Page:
There was a time when Test cricket in the baggy green was not an unrealistic goal for Ronchi. Haddin's broken finger allowed him to play four ODIs and two Twenty20s in the West Indies in 2008, and his glovework was impressively sharp. He also showed his striking power with the bat; his 22-ball half-century in St Kitts remains the fourth-fastest fifty by an Australia player in a one-day international.
But six months later, Ronchi fell into a form slump and by the end of 2008-09 he had been dropped by Western Australia. The axing came at just the wrong time, for had he continued to produce runs he could well have been the backup to Haddin on the 2009 Ashes tour instead of Manou, who ended up playing the Edgbaston Test due to a late injury to Haddin. Over the next few years, Ronchi occasionally showed his talent but lacked consistency.
"I still felt from a keeping point of view everything was good but my batting was inconsistent," Ronchi said. "I'd have a really good few games and then a really poor season, then a good one, then a poor one. That hurt me, and that's understandable. They want whoever's playing to be consistent and from a domestic point of view, I wasn't doing that. I was up and down. That's always been the trend for me and it's something I've had to keep working on. Hopefully, it doesn't happen in Wellington."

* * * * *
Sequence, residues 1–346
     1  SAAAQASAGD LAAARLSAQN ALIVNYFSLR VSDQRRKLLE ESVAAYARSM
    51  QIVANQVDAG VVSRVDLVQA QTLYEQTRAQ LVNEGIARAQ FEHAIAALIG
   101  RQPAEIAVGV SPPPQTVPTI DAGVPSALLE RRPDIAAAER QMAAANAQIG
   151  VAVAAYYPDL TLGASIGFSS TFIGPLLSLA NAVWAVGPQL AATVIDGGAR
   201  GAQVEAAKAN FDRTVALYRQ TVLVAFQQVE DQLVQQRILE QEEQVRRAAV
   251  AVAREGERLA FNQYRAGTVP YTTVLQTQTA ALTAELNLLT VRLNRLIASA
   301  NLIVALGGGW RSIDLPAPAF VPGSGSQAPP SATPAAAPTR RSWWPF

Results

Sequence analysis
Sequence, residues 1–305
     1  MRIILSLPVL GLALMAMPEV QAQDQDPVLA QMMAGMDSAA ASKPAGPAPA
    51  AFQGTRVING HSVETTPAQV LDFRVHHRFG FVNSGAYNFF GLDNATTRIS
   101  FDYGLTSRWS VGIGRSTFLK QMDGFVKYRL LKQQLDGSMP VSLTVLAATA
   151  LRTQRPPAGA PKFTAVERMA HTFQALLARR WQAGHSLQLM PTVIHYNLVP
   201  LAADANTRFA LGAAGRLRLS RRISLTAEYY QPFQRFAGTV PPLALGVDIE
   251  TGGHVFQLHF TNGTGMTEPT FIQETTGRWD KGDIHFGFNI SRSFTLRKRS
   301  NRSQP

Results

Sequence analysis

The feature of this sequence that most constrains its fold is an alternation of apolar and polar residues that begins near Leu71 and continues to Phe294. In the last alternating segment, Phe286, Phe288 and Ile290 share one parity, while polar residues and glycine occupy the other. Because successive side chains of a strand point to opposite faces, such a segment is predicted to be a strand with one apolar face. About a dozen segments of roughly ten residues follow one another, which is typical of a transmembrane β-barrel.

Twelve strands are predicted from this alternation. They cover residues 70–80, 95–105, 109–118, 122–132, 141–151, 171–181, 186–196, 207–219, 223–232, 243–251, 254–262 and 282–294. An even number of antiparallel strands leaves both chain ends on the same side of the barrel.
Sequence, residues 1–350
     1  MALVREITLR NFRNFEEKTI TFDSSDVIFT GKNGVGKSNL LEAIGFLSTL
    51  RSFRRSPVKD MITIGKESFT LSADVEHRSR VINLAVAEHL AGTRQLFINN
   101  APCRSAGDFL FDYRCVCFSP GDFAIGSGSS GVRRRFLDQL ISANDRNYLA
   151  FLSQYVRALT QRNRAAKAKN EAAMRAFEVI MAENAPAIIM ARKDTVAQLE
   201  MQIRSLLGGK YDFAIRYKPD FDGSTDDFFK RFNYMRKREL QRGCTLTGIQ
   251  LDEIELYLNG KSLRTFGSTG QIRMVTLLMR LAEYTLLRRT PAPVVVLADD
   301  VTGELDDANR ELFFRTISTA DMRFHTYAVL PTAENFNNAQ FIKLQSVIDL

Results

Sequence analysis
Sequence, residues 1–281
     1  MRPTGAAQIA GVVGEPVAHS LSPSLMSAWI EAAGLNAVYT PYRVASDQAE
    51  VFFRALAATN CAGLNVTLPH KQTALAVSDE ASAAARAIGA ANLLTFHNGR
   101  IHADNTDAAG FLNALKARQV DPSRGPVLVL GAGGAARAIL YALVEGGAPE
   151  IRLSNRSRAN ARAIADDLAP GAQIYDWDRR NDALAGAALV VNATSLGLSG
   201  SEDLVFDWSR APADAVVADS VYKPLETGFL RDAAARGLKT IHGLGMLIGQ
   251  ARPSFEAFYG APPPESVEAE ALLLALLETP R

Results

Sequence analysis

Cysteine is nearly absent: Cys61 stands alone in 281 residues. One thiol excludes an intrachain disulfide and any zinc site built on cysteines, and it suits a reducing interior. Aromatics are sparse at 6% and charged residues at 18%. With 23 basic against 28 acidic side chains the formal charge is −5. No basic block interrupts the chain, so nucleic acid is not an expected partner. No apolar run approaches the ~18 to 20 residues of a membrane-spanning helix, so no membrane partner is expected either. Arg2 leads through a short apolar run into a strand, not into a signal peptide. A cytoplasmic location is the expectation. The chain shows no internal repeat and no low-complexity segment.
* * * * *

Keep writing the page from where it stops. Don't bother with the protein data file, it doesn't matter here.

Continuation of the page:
He certainly started well for his new side. After making the decision to move with his wife and two-and-a-half-year-old son Brody to New Zealand, Ronchi took the chance to play a Plunket Shield match for Wellington late last summer. He made 111. It just so happened that Wellington were looking for a wicketkeeper at the same time that Ronchi was considering his options; they had used the part-timer Michael Papps for much of last season.
"I didn't want to be going somewhere where they already had a keeper and changing up the dynamics of teams," Ronchi said. "You don't want to be turning up and kick people out of teams. They were looking for a keeper. It was a good start. I didn't want to come over for one game and get a duck or something, then everyone starts saying 'What are they doing?' But it worked out really well. Hopefully, I can do a bit more of that this year and see how we go."
Far from seeing his playing for New Zealand as a certainty, Ronchi knows he needs to perform consistently for Wellington to have a chance of higher honours. He will qualify on January 13, four years after his last appearance for Australia. That was a one-off T20 against South Africa. He didn't take a catch or get to bat, but international cricket holds only good memories for Ronchi.
"It was an awesome feeling to play at that level and it's what every cricketer dreams of doing," he said. "You'd love to travel the world playing cricket and playing the best cricket you can. I'd love to have a crack at doing that with New Zealand."
Dannevirke could yet produce a fifth wearer of the Black Cap.
Brydon Coverdale is an assistant editor at ESPNcricinfo. He tweets here